Why I Walked Away From the Word “Cyborg”
I used it 157 times in my first book. In my second, only once. Why?
Posted Mar 19, 2013
(On Wednesday, March 20, 2013, at 11:30am, I'll be giving a lecture related to this blog entry, titled “How To Put Your Brain On The Internet: Lessons From A Cyborg.” Location: Library of Congress, Mumford Room, 6th Floor, James Madison Building, 101 Independence Avenue SE, Washington D.C. The lecture is free and open to the public; tickets are not required. Full details here.)
In my first book, Rebuilt, I used the word “cyborg” 157 times. Rebuilt was about going completely deaf and having a computer (that is, a cochlear implant) installed in my head to make my auditory nerve transmit sound signals to my brain. The book was about what it was like to lose a part of one’s body and have it replaced with silicon circuitry. It came out in 2005, and did well; one reviewer called Rebuilt “the first cyborg memoir.”
In my second book, World Wide Mind, I used the word “cyborg” only once. Yet World Wide Mind is even more about human-machine fusions than Rebuilt. It's about the possibility of communicating directly from one brain to another using implanted devices. I wrote at length about exotic emerging technologies like optogenetics, which reveals and controls neural activity in unprecedented detail. Optogenetics has already transformed how neuroscientists study the brain.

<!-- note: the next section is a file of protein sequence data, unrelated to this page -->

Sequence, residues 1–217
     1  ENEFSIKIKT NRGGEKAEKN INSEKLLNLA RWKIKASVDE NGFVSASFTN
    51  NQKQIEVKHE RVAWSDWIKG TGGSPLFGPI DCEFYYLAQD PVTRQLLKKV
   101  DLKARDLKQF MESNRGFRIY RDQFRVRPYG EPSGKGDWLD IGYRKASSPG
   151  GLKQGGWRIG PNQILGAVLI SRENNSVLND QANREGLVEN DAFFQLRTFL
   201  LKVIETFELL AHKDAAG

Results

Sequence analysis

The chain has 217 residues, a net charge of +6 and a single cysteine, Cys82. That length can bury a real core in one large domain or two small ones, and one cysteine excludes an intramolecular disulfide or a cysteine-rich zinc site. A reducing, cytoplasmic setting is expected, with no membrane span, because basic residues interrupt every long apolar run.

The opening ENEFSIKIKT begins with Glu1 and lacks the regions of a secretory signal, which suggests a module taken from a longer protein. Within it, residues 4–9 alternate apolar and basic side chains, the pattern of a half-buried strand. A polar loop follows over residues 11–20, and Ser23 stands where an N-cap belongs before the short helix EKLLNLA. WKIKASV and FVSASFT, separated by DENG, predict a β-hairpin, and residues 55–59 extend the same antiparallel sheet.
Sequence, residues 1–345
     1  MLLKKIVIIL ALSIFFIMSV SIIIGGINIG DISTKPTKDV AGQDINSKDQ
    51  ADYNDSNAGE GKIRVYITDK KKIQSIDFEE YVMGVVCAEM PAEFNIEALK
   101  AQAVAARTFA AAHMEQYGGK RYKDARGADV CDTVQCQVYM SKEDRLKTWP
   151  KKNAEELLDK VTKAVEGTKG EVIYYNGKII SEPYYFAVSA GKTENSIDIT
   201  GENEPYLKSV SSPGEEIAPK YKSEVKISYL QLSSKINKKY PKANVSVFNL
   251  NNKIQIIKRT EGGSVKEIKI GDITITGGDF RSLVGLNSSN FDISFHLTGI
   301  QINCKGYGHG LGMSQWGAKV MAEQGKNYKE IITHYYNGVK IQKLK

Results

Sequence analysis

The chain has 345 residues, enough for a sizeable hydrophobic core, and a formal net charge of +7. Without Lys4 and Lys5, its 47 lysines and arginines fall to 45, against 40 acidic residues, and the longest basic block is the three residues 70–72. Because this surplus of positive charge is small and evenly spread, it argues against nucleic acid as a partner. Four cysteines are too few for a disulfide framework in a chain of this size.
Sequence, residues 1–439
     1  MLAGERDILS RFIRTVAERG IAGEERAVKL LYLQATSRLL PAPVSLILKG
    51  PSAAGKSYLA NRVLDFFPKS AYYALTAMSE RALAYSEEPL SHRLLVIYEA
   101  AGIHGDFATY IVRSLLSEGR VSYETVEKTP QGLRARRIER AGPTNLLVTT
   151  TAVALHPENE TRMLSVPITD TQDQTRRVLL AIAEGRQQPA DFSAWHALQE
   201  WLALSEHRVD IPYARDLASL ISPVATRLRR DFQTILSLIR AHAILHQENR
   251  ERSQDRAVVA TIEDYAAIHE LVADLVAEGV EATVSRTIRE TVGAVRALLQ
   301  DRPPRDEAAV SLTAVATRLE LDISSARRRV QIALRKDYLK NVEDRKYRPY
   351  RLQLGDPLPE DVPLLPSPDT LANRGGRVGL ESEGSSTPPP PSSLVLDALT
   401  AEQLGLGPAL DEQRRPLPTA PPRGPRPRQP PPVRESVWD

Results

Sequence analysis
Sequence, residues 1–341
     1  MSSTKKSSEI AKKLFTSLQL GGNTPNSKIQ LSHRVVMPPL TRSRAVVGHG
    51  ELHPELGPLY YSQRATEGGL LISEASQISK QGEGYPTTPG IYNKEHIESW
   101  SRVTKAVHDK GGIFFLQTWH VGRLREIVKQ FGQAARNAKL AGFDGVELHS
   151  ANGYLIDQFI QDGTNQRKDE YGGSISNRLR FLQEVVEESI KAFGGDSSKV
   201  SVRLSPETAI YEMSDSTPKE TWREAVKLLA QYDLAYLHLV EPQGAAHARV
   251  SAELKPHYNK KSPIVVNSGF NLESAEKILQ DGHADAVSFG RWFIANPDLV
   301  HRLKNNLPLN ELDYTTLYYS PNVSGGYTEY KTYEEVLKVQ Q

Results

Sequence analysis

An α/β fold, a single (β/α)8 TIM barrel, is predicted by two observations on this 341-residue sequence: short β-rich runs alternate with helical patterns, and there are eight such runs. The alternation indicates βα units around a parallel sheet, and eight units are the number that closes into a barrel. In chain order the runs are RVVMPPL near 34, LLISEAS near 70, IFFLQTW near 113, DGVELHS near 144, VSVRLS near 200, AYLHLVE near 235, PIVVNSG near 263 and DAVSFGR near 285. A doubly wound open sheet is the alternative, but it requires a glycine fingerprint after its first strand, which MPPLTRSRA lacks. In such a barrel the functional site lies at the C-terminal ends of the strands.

So why did I use the word “cyborg” only once? The simple answer is that I needed the word for my first book. When I got to my second, I didn't need it anymore.
My body was about to change in a way that it hadn't since puberty. We don't really have words for that kind of change in adulthood, and certainly not for changes imposed by technology. I needed words. More than that, I needed models; I needed examples; I needed stories that could help me make sense of what I was about to go through.
I found them in science fiction. The most useful story for me was in fact the original Cyborg, the novel Martin Caidin wrote in 1973. It was the inspiration for the TV series The Six Million Dollar Man. The novelistic version of Steve Austin struggled with his new limbs and raged at his doctors when they didn't work right. He became a surly and sullen adolescent, physically awkward, anxious about sex, and uncertain of what to do in his new life.
I was going through all of those things myself, and Cyborg helped me a lot. Rebuilt was a coming-of-age memoir, in which at age 36 I grew up into a new body and new life.
But when I started writing World Wide Mind, the word “cyborg” didn’t work for me anymore. For one thing, I didn’t need to borrow other people’s stories and terms anymore. I'd had a cochlear implant for six years by then. In Rebuilt I had written my own story, in my own words. To be sure, I’d used the word “cyborg” generously, but I’d wrestled with the word. I’d examined various definitions of it and had offered my own.